Enhancing Economic Value of Landless Workforce

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In India the agriculture sector accounts for about 18.0% of the Gross Domestic Product (GDP) and employs 52% of the total workforce. There is a continuous steady decline in its contribution towards the GDP.

A national sample survey, conducted recently, showed that 40 percent of the farmers want to opt out of their current profession (59th Round of NSSO). GDP per agricultural worker is currently around Rs. 2000 per month, which is only about 75% higher in real terms than in 1950 compared to a four-fold increase in overall real per capita GDP.  The majority of farmers are economically worse off than the lowest-paid government employee. The average monthly income per household from cultivation has been reported as Rs.1, 578 for small farmers and Rs.8, 321 for the big farmers as against the minimum salary of Rs.10, 000 a month to the lowest-paid government employee (Business Standard, 2008).

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The grim situation is reflected in the quote by an eminent agriculture scientist and the Chairman, National Commission on Farmers- Dr. M.S. Swaminathan “The farming sector is fast heading for total collapse if no rapid remedial measures are taken”.

The Challenges

The strategy delineated in the XIth Plan to accelerate agricultural growth to 4% per annum in the Plan includes action in the following broad areas of bringing technology to the farmers; improving efficiency of investments, increasing systems support, and rationalising subsidies; diversifying, while also protecting food security concerns, and   fostering inclusiveness through a group approach by which the poor will get better access to land, credit, and skills.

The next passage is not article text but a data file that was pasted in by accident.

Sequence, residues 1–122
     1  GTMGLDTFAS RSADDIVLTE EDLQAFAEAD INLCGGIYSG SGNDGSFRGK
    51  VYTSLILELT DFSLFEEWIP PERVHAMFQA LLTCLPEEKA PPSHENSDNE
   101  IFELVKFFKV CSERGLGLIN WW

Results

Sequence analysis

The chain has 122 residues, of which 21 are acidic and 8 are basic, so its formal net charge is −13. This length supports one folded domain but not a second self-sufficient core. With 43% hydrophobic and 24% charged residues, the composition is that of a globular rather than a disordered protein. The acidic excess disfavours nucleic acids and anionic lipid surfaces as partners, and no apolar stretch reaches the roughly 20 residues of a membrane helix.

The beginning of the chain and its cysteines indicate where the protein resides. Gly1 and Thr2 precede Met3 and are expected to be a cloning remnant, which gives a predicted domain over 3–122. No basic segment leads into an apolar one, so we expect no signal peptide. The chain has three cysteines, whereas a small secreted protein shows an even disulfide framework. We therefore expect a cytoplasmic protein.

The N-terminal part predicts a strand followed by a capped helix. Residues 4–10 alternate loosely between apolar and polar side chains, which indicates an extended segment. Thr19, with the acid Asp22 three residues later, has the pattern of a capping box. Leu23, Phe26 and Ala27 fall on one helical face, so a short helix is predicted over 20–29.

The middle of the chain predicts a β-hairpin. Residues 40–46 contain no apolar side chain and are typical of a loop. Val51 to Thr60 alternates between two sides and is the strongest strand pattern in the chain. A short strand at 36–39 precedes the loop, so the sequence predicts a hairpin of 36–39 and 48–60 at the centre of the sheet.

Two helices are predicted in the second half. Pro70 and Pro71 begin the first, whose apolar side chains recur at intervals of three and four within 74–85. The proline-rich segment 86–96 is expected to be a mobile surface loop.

Enhancing the economic value of time and labour of landless workforce by bringing about paradigm shift from unskilled to skilled work is one of the important challenges as per the Chairman, National Commission on Farmers (Swaminathan, 2005).  

Skill Development in Agriculture

The concept of Human Resource Development (HRD) in agriculture sector remained a far cry for a considerable period, compared with industrial and service sector. Its weak human capital base and lopsided growth corroborates it i.e. – education is least among agricultural labourers; half of those engaged in agriculture are illiterate; proportion of educated workers (secondary and higher levels) in profession is quite low (just 5% have completed Higher Secondary); only 5-6% of the total graduates are catering to the agriculture system and ratio of para-professionals to professionals is quite low. The system does not exists for preparing middle level human resource i.e. technicians/ supervisors/ entrepreneurs.  Even families operating farms now suffer from much smaller holdings and farming members in such families are twice as likely to be illiterate as non-farming members. Ensuring food security and farmer welfare thus require support systems to extend technology and scale benefits in a sustainable manner to a huge existing workforce in agriculture that lacks non-farm skills. 

Vocational Education and skill development Programmes

The Vocational Education and Training (VET) concept beginning from “Nai Talim” has been advocated in all the policy formulations, yet the output in terms of productive human resource is marginal. Thirty

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